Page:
Europlanet Science Congress 2022
Palacio de Congresos de Granada, Spain
18 – 23 September 2022
Europlanet Science Congress 2022
Palacio de Congresos de Granada, Spain
18 September – 23 September 2022
EPSC Abstracts
Vol. 16, EPSC2022-1268, 2022
Europlanet Science Congress 2022
© Author(s) 2022. This work is distributed under
the Creative Commons Attribution 4.0 License.

Amateur observations of the surface of Venus in 2020-22

David Arditti1, Martin Lewis1, Phil Miles2, and Anthony Wesley3
David Arditti et al.
  • 1British Astronomical Association (UK)
  • 2Gemeye Observatory, Rubyvale, Queensland, Australia
  • 3Astronomical Society of Australia, Murrumbateman, New South Wales, Australia.

The early 2020 eastern (evening) elongation of Venus was a particularly favourable one for northern hemisphere observers, and the early 2022 western (morning) elongation was favourable for southern observers. A number of observers in both hemispheres achieved IR imaging at around 1000nm of the night-time surface of Venus when in crescent phase. This presentation reviews the equipment and methods used by successful imagers of the night side, including the sky criteria necessary (altitude, solar altitude and phase), and the results obtained.


IR narrowband images taken around 1000nm show relief on the night-time surface of the planet due to differential cooling; the mountain-tops cool faster than the valleys and so emit less IR radiation. In several bands this radiation is not fully absorbed by the atmosphere and can be detected with small earth-based telescopes (at least 200mm aperture) so long as the sky is dark enough, light scatter from the illuminated planet in telescope and camera is minimised, and there is sufficient blocking of shorter wavelengths. This has been demonstrated since 2009. The signal detected by this method is not 100% correlated with surface relief, but seems to be modulated by some atmospheric effects also.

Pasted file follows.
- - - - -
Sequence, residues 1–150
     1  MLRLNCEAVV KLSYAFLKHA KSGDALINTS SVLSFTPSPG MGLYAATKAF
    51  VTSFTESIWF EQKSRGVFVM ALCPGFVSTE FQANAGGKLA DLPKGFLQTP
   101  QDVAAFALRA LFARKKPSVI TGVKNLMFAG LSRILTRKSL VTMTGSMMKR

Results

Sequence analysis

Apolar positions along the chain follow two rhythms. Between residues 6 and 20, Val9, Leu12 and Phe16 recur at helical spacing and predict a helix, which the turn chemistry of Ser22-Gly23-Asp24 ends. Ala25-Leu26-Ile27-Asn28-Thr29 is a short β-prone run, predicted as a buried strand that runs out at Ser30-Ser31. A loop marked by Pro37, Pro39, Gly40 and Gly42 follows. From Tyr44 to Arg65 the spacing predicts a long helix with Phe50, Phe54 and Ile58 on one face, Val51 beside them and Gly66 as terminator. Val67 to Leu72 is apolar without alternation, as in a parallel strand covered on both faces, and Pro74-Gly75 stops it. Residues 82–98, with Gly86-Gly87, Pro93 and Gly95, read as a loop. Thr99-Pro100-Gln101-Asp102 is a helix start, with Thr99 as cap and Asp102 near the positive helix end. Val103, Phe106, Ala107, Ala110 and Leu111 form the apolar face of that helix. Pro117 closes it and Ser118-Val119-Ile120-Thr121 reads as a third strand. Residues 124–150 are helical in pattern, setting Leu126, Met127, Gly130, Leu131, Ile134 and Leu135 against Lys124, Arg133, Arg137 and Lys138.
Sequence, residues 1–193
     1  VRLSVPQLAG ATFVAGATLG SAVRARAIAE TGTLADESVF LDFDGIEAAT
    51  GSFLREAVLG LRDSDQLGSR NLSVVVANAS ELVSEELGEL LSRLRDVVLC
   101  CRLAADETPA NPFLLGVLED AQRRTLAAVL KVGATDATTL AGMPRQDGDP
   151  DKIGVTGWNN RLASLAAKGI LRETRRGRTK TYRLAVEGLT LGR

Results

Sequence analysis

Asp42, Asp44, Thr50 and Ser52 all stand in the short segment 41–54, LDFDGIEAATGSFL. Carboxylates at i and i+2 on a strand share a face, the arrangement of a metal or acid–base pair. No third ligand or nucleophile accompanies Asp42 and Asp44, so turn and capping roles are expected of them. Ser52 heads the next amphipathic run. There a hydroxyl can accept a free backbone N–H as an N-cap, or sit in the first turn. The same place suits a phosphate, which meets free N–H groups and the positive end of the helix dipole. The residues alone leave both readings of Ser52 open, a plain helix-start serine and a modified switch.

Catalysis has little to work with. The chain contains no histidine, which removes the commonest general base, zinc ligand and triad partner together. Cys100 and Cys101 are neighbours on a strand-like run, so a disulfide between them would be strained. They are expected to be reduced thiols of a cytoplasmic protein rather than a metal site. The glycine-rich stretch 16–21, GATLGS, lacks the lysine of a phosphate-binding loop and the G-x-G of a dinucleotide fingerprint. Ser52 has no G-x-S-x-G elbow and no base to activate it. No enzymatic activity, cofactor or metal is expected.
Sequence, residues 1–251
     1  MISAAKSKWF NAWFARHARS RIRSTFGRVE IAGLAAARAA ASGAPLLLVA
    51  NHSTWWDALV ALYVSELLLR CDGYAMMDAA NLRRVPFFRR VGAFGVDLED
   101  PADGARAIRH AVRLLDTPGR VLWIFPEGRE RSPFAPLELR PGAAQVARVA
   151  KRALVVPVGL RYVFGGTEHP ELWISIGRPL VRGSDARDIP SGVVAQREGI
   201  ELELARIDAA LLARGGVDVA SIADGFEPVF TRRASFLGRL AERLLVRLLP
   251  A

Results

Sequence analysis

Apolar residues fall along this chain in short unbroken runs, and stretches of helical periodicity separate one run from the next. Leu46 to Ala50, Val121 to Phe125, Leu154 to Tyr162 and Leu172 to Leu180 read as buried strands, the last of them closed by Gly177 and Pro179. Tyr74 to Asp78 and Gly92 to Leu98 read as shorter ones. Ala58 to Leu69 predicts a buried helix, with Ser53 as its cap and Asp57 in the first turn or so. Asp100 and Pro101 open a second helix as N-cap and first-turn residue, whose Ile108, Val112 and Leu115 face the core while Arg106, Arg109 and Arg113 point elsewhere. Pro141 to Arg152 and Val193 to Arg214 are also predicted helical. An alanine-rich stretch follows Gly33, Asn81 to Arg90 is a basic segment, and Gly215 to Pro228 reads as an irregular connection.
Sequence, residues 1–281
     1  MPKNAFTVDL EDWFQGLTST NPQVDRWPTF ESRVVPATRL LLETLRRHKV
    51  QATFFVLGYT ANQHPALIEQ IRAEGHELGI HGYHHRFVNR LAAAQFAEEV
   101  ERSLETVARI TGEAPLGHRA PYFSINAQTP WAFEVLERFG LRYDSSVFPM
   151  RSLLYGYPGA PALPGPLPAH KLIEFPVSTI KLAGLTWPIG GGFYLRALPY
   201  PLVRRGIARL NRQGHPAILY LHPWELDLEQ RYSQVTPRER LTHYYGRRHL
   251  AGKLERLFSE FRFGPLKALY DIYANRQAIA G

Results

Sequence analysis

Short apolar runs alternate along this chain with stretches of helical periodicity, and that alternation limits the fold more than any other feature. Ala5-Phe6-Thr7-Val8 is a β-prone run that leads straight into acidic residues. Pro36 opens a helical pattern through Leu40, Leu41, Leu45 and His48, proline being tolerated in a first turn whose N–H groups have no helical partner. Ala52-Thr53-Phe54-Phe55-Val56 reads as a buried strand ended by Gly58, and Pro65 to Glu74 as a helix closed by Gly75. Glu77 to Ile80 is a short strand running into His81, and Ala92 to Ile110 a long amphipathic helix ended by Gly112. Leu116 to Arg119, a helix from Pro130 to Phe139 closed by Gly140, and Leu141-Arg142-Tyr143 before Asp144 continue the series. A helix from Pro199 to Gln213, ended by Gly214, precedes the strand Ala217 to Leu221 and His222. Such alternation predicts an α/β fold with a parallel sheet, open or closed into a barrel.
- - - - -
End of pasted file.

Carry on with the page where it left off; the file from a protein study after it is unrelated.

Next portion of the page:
There is a key observational trade-off of sky darkness against altitude of the planet. Acceptable results are not obtained until the signal from the surface is at least 50% above the noise due to the sky background, but below 10º altitude the noise is increased to unacceptable levels by atmospheric absorption.


The design of the sensor is found to be critical. Most sensors marketed to amateurs have too much internal scatter at these wavelengths to be usable at such low s/n ratios. However, good results have been obtained with a number of commercial cameras.

 The relationships between Venus’s rotation period and Earth and Venus’ orbital periods conspire to mean that essentially only one range of longitudes is imageable at all eastern elongations, and another at all western elongations. One reason for doing this work is the possibility that Venus could still have active vulcanism. If it does, and if it were on a large enough scale, this technique could potentially reveal. it. Observations in the period in question, however, did not generate any evidence of this being the case.

How to cite: Arditti, D., Lewis, M., Miles, P., and Wesley, A.: Amateur observations of the surface of Venus in 2020-22, Europlanet Science Congress 2022, Granada, Spain, 18–23 Sep 2022, EPSC2022-1268,, 2022.


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